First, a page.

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Masterworks from Budapest. From the Renaissance to the Avant-Garde

From 18 February to 28 May 2017

Lucas Cranach, the Elder
Salome with the Head of Saint John the Baptist, ca. 1526-1530
Oil on panel. 88.4 x 58.3 cm
Budapest, Museum of Fine Arts
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Thyssen-Bornemisza Collection

Christian Schad
Portrait of Dr Haustein
Oil on canvas
80.5 x 55 cm
Museo Thyssen-Bornemisza, Madrid
Numero de inventario
INV. Nr. 733 (1979.57)

More information about this work

During his mature period Christian Schad concentrated almost exclusively on the portrait genre. The Portrait of Dr Haustein, painted in Berlin in 1928, is a powerful image of the prestigious Jewish dermatologist who specialised in venereal diseases. On arriving in the German capital in 1928, Schad was introduced by his journalist friend Felix Bryk to the famous political and literary salon of the Hausteins, which had become a prestigious gathering place for the most prominent figures of the time and was remembered by the painter for its “extreme intellectual and erotic licence, typical of 1920s Berlin.”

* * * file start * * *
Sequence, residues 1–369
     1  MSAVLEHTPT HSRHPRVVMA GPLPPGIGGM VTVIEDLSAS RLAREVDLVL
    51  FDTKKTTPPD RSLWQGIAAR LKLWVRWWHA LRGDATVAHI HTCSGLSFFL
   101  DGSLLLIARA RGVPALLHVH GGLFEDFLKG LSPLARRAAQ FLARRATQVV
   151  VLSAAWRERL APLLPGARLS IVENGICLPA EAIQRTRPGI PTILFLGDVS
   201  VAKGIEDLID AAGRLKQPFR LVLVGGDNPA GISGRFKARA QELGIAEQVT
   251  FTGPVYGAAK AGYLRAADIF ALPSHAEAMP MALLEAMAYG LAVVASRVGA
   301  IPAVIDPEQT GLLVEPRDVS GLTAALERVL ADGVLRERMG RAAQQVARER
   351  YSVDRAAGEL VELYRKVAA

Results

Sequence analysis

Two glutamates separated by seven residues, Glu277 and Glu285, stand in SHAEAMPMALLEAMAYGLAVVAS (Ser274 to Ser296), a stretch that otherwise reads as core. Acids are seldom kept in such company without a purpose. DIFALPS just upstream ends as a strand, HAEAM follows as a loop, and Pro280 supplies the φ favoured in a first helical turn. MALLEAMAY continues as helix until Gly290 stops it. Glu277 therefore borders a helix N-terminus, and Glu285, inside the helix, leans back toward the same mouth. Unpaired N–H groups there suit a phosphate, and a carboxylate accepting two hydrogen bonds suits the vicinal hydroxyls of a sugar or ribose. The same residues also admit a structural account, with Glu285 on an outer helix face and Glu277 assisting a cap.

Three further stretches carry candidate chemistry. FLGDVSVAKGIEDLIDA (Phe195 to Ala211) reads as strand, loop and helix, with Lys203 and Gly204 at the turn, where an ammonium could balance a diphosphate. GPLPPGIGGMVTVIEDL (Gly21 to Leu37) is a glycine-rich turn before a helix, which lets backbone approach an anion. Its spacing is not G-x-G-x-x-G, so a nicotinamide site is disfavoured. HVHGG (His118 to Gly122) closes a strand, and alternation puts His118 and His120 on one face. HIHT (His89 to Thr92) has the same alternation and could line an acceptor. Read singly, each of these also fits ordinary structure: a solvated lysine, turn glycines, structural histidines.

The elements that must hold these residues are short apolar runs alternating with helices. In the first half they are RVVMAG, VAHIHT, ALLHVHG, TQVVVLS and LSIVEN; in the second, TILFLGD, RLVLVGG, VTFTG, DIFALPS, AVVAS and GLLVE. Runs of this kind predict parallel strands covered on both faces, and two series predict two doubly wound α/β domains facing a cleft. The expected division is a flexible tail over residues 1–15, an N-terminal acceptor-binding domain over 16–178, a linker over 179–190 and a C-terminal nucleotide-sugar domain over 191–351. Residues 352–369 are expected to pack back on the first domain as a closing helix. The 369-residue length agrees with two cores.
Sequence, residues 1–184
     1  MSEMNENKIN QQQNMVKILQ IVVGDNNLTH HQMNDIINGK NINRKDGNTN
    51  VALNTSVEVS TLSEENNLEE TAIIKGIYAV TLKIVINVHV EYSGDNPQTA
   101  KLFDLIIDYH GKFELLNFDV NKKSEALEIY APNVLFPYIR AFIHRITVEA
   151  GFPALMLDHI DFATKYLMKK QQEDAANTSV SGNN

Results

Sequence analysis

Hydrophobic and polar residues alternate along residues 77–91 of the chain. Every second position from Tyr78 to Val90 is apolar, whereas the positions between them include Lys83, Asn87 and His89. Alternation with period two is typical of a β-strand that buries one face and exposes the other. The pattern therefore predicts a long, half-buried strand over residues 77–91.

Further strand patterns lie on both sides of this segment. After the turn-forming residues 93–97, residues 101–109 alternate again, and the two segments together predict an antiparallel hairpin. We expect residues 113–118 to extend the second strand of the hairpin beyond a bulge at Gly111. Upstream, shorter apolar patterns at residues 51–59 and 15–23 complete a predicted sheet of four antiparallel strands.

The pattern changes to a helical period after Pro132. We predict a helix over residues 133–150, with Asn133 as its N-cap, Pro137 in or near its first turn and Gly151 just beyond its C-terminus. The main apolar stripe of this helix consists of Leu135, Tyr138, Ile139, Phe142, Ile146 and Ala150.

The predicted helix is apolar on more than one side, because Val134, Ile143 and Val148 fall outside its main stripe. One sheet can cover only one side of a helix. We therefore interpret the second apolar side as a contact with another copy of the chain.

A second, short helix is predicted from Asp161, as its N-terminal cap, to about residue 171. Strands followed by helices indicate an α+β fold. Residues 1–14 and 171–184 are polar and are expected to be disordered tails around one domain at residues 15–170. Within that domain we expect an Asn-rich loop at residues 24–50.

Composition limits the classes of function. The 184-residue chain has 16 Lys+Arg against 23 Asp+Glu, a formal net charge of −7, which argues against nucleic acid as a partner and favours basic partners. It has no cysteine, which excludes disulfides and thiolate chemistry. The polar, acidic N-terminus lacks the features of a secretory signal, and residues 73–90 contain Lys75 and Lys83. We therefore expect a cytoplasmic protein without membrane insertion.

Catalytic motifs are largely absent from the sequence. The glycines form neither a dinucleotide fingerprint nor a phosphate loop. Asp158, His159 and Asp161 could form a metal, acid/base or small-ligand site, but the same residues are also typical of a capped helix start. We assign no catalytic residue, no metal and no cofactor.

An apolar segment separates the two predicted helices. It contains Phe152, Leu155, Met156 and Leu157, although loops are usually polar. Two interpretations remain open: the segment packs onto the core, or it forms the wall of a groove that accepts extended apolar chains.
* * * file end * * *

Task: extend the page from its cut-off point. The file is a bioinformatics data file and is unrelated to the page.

Rendered with minute brushwork that denotes the influence of Raphael’s style, in this unsettling portrait Hans Haustein is shown holding one of the instruments of his trade against his chest, a detail which, although seemingly insignificant, plays a very special role and adds a note of mystery that immediately attracts the viewer’s attention. The sitter occupies the lower half of the composition in order to leave room for a mysterious shadow that is not his, projected on the wall in the background of the painting. According to Schad, this shadow of a smoking female figure, which recalls the shadows in Expressionist films, belonged to Sonja, a model with whom Haustein had fallen in love. In view of later events, the shadow painted by Schad can be considered a premonition of the grim and tragic future of the Hausteins. Haustein’s unfaithfulness eventually drove his wife Friedel to suicide and he himself also took his own life with cyanide after being arrested by the Gestapo in 1933.

Paloma Alarcó

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